The construction of Queensland’s first liquefied natural gas (LNG) plants on Curtis Island near Gladstone, required many technical and complex crane lifts, writes Mat Ovenden.
As part of Queensland’s coal seam gas (CSG) boom, the State’s three LNG plants are currently being built side-by-side on Curtis Island in Gladstone Harbour. Project leader, Bechtel, is concurrently building all three operations. The massive project is currently employing more than 10,000 construction workers with 166 cranes punctuating the Gladstone skyline.
In April of this year, the project team completed one of the heaviest dual crane lifts seen across all three Curtis Island LNG Projects, as the project safely lifted and set a Carbon Dioxide (CO2) Absorber on its foundation.
The CO2 Absorber, which weighs almost 680 tonnes – equivalent to four single storey houses -required two cranes to move the cylindrical piece from a horizontal to vertical position, before precisely placing it on its foundation.
Rigging Superintendent, Warren Achilles, said the lift was one of the most technical on the project so far and tested the expertise of everyone involved.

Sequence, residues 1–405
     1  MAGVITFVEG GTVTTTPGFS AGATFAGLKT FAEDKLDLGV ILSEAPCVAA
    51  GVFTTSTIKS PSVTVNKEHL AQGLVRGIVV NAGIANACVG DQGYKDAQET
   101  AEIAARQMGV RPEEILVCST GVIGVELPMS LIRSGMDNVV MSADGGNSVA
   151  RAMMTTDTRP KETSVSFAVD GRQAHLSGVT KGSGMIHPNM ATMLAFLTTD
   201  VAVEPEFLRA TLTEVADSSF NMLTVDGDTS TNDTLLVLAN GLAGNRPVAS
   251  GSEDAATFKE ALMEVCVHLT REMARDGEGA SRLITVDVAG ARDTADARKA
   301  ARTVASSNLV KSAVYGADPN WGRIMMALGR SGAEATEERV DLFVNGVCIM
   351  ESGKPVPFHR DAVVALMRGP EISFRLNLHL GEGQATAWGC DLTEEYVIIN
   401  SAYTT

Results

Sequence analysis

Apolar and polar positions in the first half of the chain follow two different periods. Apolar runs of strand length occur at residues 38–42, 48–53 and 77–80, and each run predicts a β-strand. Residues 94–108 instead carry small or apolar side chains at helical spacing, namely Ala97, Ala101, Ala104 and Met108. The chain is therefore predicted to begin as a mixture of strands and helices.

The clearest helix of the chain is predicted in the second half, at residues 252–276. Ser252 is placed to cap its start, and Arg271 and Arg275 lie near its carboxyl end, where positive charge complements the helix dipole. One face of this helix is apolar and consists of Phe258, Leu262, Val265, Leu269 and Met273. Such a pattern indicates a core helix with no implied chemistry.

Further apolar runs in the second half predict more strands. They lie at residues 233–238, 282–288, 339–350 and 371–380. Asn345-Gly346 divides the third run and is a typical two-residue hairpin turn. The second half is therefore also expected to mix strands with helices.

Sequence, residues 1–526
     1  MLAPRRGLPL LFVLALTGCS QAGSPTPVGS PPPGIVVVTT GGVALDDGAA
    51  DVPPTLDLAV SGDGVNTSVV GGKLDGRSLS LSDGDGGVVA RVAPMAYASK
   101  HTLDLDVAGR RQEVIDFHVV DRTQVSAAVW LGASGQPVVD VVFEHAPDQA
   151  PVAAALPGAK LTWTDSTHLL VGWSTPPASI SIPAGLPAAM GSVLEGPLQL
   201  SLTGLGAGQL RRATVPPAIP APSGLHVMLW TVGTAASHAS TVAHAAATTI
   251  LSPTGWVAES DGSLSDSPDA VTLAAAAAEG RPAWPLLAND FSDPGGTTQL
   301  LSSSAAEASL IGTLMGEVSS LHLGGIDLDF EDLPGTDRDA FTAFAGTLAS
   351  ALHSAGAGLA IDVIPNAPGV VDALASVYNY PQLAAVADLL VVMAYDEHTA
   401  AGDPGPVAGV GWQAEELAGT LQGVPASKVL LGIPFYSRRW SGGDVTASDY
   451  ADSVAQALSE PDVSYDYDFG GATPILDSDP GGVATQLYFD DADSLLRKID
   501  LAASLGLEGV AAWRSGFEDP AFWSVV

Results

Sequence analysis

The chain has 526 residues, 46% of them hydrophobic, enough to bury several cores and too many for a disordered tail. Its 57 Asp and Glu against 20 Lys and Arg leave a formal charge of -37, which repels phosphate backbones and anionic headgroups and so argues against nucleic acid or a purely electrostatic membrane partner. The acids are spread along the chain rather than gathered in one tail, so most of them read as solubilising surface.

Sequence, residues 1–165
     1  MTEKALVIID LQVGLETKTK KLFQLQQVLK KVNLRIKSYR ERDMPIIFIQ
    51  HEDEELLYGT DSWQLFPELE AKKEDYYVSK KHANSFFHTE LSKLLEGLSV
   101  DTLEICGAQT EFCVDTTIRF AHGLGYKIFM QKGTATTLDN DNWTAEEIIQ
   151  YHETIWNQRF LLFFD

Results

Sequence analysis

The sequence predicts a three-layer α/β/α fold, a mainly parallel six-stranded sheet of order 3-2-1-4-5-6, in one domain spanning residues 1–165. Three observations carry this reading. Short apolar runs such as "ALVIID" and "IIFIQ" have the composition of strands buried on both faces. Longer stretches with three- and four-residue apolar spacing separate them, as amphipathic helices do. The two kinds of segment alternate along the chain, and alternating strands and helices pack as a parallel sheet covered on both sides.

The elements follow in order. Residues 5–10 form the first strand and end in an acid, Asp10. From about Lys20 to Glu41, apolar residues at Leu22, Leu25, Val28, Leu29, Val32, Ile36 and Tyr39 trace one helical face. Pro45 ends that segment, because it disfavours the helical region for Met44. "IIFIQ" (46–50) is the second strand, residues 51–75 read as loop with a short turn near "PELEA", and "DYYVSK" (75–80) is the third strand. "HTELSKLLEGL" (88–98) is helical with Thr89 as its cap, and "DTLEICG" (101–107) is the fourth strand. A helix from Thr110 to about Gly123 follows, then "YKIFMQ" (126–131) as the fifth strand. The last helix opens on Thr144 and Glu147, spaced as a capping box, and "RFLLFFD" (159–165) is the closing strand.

“Lifting such a big piece of equipment is challenging because the absorber has to sit exactly on its pre-constructed foundation – there is no margin for error. The team worked hard to ensure it fitted perfectly, and most importantly was done safely.”
“The massive project is currently employing more than 10,000 construction workers with 166 cranes punctuating the Gladstone skyline.”
The team used a 1200-tonne Demag CC6800 and CC2800 crane to ‘top and tail’ the CO2 Absorber. The CC6800 lifted the load using two 400-tonne slings attached to two bollards on the side of the absorber, while the smaller CC2800 crane picked it up from the other end, gradually walking it down a 60 metre timber crane pad until it was vertically suspended in the air.
Preparation for the lift began months before the event.
As one of the largest cranes in Australia, the CC6800 took almost three weeks to assemble in readiness for the lift, with 400 tonnes of super lift counterweight to go with it.
Assembling the crane itself involved bringing over approximately 70 truckloads of parts and pieces, with the heaviest piece weighing 80 tonnes alone.
“We actually built the big crane using another big crane. A 600 tonne crane put the 1200 crane together,” Achilles said, “The lift was the easy bit. The hardest bit about our job is setting it up and making sure it all goes to plan, following the rigging drawings that we‘re working to.”
A short video documenting the complexity and enormity of the dual crane lift can be accessed on Queensland Mining and Energy Bulletin’s website: www.qmeb.com.au.
Curtis Island’s Biggest Crane
There are only two Demag CC 6800 Lattice Boom Crawlers operating on Curtis Island and they are by far the biggest. Both cranes are powered by twin diesel engines and can be configured to a 1680 tonne lifting capacity and a maximum boom length of 96 metres, and up to 210 metre with luffing fly job extension attached.